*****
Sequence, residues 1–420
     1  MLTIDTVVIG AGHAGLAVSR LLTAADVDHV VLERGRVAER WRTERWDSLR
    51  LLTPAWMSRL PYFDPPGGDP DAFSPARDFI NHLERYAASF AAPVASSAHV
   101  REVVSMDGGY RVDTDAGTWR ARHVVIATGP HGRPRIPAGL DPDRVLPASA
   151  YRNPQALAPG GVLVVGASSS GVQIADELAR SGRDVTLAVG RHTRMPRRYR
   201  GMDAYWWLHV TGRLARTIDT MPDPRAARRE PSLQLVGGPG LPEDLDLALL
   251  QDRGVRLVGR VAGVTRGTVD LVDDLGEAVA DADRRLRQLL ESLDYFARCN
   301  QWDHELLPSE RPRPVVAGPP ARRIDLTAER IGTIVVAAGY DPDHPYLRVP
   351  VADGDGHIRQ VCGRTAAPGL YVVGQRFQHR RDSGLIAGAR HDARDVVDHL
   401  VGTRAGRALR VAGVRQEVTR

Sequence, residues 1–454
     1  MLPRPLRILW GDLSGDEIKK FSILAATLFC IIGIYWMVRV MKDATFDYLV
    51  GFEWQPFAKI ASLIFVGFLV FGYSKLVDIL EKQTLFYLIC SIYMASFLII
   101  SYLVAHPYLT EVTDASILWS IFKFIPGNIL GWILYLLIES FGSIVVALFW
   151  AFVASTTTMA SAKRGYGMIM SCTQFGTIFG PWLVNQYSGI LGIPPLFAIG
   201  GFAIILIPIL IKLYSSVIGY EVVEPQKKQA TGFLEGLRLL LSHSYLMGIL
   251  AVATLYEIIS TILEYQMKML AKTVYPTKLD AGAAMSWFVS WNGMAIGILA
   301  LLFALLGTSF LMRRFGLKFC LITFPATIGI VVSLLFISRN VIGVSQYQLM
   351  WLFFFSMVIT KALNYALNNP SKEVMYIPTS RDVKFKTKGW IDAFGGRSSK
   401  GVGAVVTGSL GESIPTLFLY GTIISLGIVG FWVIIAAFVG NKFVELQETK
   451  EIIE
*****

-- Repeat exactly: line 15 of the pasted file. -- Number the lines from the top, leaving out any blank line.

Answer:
   151  AFVASTTTMA SAKRGYGMIM SCTQFGTIFG PWLVNQYSGI LGIPPLFAIG